Take control of your cervical health by learning about HPV, cervical cancer, your screening options, and what to do once you’ve been screened for HPV.

A global call for reliable HPV screening

Cervical screening programs can help decrease the rate of cervical cancer cases and drastically reduce mortality. Visual inspection of the cervix after application of acetic acid (VIA), coupled with subsequent management of abnormalities by cryotherapy, is commonly referred to as “screen and treat,” a strategy that is widely adopted as the standard of care. While this method is considered to be cost-effective in low-income regions, it has many limitations including difficulty in efficiently scaling-up and screening large numbers of individuals.11 Therefore, molecular HPV testing has become the preferred method.12

To ensure proper treatment and follow-up, the WHO is urging every country to implement and scale-up HPV screening for women.13 In August 2020, WHO adopted a global strategy with the goal of eliminating cervical cancer by 2030 through the implementation of three key target pillars:14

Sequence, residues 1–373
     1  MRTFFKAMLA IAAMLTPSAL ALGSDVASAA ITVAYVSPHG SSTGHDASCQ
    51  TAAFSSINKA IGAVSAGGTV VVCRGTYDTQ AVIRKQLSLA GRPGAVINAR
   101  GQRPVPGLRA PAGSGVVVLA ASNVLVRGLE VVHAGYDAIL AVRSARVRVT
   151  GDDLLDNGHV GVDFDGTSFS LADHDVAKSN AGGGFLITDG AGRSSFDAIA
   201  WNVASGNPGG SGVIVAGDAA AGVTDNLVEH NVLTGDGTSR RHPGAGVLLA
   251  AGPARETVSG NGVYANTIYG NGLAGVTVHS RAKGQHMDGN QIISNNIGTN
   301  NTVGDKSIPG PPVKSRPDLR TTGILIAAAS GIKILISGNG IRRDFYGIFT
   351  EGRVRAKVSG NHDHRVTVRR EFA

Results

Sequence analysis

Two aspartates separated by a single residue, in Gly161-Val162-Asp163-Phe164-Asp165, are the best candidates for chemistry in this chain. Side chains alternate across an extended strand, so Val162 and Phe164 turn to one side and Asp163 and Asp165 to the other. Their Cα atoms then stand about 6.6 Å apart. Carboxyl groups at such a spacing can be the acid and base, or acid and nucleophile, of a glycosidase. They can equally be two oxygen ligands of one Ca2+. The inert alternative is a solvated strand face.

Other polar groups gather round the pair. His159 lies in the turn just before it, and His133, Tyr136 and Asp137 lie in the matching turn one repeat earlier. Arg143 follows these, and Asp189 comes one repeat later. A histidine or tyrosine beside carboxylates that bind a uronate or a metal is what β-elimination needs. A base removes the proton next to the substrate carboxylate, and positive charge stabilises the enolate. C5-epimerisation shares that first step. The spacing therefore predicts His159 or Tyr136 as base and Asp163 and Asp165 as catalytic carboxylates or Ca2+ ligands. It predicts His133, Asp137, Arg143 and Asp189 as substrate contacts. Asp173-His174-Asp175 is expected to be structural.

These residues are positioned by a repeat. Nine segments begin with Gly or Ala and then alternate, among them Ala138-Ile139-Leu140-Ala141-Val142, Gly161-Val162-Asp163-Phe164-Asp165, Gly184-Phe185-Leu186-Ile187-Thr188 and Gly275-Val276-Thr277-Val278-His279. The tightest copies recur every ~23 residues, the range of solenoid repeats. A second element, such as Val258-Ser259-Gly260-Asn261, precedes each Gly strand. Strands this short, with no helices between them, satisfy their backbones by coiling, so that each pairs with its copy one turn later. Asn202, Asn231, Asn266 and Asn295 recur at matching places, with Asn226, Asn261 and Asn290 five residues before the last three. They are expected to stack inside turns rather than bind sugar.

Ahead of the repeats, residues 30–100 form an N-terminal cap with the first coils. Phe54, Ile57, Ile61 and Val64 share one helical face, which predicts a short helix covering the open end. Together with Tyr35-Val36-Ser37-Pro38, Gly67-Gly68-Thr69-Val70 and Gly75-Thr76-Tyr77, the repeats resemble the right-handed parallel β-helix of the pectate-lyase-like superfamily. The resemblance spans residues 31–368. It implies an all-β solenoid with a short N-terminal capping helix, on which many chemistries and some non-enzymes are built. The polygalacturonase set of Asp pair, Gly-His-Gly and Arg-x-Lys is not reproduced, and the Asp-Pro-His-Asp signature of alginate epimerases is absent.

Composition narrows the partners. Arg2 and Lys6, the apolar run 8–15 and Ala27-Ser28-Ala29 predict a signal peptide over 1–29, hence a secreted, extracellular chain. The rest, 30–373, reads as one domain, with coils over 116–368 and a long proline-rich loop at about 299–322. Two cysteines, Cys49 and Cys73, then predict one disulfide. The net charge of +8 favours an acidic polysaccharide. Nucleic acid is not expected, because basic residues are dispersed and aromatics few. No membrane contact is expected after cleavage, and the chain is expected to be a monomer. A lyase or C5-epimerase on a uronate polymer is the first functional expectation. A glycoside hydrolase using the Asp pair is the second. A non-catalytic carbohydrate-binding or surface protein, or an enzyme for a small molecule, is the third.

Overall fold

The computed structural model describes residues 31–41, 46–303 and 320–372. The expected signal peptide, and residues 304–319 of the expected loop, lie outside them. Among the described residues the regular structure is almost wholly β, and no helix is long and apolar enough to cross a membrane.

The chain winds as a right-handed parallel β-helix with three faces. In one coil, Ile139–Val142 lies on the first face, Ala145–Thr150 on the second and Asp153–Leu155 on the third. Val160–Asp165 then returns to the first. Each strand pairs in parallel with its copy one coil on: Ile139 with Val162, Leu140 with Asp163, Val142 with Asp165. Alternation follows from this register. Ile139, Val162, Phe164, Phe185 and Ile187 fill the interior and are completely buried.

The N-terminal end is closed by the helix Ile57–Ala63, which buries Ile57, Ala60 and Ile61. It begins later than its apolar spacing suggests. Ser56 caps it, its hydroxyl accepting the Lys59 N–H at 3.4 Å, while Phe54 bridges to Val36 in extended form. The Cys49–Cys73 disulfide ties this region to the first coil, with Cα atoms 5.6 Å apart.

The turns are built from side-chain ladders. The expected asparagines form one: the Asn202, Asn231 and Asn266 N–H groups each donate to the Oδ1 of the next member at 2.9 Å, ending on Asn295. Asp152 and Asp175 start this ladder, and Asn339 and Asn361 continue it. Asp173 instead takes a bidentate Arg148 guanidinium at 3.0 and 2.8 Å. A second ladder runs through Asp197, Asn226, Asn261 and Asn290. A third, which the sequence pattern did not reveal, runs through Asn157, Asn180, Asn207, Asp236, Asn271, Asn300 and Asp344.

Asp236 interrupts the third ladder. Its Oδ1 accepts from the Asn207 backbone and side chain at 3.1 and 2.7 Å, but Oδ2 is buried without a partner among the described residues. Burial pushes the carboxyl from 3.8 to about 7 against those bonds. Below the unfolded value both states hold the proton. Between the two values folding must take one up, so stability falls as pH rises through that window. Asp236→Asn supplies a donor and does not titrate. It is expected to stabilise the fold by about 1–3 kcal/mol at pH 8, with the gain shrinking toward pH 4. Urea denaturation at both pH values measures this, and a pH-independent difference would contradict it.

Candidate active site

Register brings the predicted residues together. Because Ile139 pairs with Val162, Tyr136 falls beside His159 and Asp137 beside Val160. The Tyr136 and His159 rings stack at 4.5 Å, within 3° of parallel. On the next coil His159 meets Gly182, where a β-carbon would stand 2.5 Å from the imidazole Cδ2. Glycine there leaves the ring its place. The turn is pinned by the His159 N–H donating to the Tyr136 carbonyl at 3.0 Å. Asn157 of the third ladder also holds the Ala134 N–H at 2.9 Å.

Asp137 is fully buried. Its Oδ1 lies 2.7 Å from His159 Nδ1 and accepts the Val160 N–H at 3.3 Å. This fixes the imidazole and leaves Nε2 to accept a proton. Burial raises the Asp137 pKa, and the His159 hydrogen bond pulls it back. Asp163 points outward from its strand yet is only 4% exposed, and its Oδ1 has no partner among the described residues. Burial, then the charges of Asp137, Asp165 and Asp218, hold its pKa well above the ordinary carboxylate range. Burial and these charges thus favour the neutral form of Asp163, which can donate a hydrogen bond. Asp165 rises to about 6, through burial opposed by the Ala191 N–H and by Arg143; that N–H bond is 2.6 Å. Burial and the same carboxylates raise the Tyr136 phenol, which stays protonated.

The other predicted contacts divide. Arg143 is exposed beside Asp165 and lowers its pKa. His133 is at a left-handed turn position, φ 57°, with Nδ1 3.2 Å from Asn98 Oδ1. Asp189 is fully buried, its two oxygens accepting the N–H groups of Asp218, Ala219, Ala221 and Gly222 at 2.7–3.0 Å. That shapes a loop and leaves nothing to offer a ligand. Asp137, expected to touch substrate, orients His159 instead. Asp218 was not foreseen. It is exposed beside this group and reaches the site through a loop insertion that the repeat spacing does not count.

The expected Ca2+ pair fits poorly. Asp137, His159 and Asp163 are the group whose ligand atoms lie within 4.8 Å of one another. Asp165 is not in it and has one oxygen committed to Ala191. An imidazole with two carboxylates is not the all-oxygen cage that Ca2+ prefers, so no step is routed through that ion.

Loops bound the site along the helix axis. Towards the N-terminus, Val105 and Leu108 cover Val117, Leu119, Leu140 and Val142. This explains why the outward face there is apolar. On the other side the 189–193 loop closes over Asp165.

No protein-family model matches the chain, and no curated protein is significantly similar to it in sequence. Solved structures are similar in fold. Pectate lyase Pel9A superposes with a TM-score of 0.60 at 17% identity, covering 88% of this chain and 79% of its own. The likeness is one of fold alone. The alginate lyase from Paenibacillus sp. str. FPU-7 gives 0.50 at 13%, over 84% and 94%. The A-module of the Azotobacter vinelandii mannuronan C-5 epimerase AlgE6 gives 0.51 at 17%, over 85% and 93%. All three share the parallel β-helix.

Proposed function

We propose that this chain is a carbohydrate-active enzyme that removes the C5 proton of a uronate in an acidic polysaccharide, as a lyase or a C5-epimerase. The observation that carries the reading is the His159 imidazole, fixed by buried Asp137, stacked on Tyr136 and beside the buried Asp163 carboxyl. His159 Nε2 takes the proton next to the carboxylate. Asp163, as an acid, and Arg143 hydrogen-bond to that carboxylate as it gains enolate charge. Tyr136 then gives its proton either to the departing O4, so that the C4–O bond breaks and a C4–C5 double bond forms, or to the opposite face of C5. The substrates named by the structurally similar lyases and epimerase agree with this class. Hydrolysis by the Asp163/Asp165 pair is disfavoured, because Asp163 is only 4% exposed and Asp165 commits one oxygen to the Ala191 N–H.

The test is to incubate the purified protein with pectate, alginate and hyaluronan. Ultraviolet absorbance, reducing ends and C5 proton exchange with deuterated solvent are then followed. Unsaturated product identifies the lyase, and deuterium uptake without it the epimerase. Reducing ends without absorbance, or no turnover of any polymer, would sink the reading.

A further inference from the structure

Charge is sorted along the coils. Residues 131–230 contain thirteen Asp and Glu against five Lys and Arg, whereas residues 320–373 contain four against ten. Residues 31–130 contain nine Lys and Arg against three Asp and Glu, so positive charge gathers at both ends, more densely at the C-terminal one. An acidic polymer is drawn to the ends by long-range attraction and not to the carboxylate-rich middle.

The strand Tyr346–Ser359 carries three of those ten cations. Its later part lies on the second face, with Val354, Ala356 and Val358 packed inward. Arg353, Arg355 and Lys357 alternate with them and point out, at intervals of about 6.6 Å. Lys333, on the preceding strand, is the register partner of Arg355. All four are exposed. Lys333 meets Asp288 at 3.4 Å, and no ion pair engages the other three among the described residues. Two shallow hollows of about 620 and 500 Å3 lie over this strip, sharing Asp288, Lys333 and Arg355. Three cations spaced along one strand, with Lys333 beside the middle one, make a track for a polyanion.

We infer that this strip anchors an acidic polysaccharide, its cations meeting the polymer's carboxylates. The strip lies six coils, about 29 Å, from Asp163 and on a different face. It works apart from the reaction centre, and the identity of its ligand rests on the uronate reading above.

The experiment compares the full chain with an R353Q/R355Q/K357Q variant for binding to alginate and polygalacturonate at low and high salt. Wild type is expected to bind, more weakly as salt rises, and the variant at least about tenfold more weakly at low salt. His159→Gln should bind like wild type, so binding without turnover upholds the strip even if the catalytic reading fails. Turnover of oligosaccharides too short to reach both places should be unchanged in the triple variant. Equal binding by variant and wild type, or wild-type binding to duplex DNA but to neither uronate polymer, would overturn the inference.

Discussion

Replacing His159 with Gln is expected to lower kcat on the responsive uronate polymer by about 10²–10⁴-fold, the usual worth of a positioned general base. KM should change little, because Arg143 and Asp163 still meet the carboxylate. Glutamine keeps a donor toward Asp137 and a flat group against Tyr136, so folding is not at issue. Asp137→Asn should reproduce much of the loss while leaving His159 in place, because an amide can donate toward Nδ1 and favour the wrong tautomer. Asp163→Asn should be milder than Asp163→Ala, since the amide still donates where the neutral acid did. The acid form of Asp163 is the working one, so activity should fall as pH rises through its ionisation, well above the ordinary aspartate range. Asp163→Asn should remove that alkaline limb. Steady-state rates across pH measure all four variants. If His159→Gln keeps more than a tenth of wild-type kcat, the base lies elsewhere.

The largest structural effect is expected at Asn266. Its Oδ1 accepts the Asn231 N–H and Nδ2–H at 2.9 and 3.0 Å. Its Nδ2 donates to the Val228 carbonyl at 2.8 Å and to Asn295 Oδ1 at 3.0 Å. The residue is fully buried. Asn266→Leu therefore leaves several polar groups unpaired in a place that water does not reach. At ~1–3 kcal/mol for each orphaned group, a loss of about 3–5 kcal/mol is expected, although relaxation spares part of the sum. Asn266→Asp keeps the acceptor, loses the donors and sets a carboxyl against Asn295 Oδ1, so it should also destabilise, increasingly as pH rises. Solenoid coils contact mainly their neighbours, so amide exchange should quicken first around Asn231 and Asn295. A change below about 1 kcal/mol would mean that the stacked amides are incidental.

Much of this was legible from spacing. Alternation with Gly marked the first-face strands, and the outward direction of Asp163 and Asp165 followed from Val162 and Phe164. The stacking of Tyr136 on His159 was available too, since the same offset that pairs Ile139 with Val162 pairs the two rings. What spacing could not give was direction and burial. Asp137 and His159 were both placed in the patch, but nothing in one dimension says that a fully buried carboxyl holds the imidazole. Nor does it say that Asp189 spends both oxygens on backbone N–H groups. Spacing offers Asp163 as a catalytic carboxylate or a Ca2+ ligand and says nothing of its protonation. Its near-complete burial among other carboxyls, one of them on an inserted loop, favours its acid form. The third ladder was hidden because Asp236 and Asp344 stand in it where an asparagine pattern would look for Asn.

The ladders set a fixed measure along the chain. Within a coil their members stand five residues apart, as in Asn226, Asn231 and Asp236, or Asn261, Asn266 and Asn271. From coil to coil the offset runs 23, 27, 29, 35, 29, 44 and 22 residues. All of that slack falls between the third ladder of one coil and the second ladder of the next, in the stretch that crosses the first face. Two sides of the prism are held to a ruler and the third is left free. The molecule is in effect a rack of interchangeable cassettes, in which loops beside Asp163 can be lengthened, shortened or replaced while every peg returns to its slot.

●  90% of girls fully vaccinated by 15 years of age;

●  70% coverage of screening with a high-performance test once by the age of 35 and again by 45 years;

●  90% of women who are identified with cervical disease receive treatment (90% of women with pre-cancer treated; 90% of women with invasive cancer managed).

In 2019, Unitaid and Clinton Health Access Initiative (CHAI) launched a $33 million project to develop innovative screening tools and introduce new technologies for the detection and treatment of cervical cancer. The 2.5-year project was to begin in seven countries, including Kenya and Nigeria.15


Roche’s commitment to eliminating cervical cancer


With new recommendations and policies focused on HPV screening now in place at the global and local level, Roche has begun working with Unitaid, CHAI, and UNICEF through the Global Access Program to deliver reliable and clinically-validated molecular HPV diagnostic tests and cervical cancer screening tools to both Kenya and Nigeria.